Family sues Public Storage, a year after their son was found dead in Arlington unit

A North Texas family filed a wrongful death lawsuit against a storage unit business in Arlington where their son was found dead on April 3, 2023.

Arlington police found 27-year-old Debony Maffett II inside a Public Storage unit in the 5200 block of South Cooper Street about a week after his family reported him missing.

Maffett was lying unresponsive on top of a sleeping bag in the unit when officers arrived, according to police.

Authorities were able to find Maffett with the assistance of a private investigator his family had hired. When he was first reported missing, police officers tried to ping his cellphone and searched locations where he was known to go.

The private investigator learned that Maffett had purchased a storage unit at the Public Storage complex and might have been living out of it, according to police.

When the private investigator went to check out the unit, which the family says was locked from the outside and had to be broken open, he found Maffett’s body inside.

The Tarrant County Medical Examiner’s Office determined Maffett died due to an accidental overdose of K2, the family’s attorney, Justin Moore, told the Dallas Morning News. K2 is a synthetic cannabinoid.

Now, his family is suing the storage company, accusing it of negligence causing Maffett’s death, including by allowing him to sleep in his storage unit in violation of policy.

According to the lawsuit, Debony Maffett II’s father, Debony Maffett I, provided a Public Storage employee with a flyer on April 2, 2023, regarding his son and asked if the complex was renting to him.

The employee said that his son was not renting a unit. The father then asked the employee if he could call the police if they located his son, to which the employee responded “oddly” by saying “he never saw him,” the lawsuit states.

Later that day, the employee called the father and asked, “If I did see your son, what would you want me to do,” and Maffett I reminded him to report it to police.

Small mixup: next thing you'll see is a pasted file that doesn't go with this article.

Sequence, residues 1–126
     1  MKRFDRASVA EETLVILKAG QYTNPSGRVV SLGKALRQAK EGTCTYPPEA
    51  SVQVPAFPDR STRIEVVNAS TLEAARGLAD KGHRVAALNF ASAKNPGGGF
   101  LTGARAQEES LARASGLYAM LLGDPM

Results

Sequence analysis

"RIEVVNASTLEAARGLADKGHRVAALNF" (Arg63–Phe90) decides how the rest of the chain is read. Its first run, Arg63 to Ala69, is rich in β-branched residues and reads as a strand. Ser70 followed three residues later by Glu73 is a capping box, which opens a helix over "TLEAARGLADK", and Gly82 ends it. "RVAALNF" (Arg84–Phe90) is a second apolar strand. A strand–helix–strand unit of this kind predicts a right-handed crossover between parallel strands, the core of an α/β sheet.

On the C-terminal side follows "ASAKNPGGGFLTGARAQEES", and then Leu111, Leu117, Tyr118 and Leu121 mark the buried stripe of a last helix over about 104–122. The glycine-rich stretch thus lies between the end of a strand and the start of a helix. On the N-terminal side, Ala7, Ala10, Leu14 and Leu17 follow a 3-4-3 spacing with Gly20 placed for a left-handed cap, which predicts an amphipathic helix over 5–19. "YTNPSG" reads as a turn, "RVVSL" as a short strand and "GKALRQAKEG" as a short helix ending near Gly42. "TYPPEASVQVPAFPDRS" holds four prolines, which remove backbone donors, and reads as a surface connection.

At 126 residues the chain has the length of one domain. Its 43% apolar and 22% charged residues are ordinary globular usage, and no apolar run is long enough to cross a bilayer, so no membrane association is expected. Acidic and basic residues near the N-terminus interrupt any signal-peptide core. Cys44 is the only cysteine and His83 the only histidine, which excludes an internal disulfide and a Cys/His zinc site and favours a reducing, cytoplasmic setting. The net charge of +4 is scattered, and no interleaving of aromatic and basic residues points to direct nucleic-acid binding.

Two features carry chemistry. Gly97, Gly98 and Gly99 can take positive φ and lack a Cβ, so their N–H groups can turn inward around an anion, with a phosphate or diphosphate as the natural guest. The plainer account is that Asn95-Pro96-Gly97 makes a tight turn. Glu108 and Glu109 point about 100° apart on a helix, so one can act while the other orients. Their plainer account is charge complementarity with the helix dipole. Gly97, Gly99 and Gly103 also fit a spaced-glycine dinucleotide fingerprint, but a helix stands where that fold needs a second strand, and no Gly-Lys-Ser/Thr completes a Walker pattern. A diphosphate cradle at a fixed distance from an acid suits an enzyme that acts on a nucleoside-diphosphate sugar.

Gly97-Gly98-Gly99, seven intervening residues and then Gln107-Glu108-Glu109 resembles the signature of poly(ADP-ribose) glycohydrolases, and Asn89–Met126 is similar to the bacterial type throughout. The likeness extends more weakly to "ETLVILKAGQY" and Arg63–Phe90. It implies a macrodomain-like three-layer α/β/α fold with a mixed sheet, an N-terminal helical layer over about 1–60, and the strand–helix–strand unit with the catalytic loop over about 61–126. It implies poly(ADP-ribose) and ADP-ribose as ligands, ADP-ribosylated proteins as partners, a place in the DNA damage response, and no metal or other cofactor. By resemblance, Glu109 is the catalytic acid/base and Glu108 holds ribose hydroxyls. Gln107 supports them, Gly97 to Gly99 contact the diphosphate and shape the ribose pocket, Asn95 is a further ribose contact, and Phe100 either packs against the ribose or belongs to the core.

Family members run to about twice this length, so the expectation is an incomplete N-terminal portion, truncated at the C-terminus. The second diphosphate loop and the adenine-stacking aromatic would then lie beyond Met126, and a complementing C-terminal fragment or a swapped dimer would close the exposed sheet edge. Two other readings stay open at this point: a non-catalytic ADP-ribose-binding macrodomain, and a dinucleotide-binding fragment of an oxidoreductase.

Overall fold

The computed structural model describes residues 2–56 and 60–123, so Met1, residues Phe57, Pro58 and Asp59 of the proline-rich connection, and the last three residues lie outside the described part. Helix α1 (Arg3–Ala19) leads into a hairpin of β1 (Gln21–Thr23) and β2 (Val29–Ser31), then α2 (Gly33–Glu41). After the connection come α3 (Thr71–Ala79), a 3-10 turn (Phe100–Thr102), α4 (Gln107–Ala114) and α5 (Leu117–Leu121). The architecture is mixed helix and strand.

The employee replied to the father that he might have seen Maffett II in the past and that he might be on the premises of the Public Storage complex. The employee also said Maffett II might be a renter, the lawsuit states.

The father asked the employee if he could look on the property for his son, but the employee said no and that only authorized customers had access, according to the suit.

The only way the father I could look for his son on the property is if police were to accompany him, the employee told him.

When Arlington police arrived at the Public Storage complex that day, the employee locked himself in an office, the suit states. The officers used a code to enter the security gate and search the facility for Maffett II and the employee.

Officers told the father that all of the lockers and units were locked and that they saw no sign of his son or the employee, the suit states.

It wasn’t until the private investigator spoke to a manager the next day and was given access to the storage area that Maffett II was found, according to the suit.

The autopsy reported signs of decomposition on Maffett II’s body, indicating he had been dead for some time.

Public Storage has not yet responded to the Star-Telegram’s request for comment.

The suit says Public Storage acted negligently by failing to provide proper accommodations, violating their duties by refusing to rent or lease a storage unit to the father, and failing to maintain a safe environment, resulting in the man’s death.

Public Storage also acted negligently by failing to let police know Maffett II was on the company’s premises when an employee was made aware he was missing, the suit states.

Per rental policy and procedures, renters are not allowed to live in storage units, according to the suit. Public Storage “aided” Maffett II by not taking the steps to “eliminate the danger” or warn Maffett II and other customers of the dangers of living in units, the family’s attorney said.

The Maffett family seeks compensation and restitution for economic damages, exemplary damages, court costs, and attorney fees.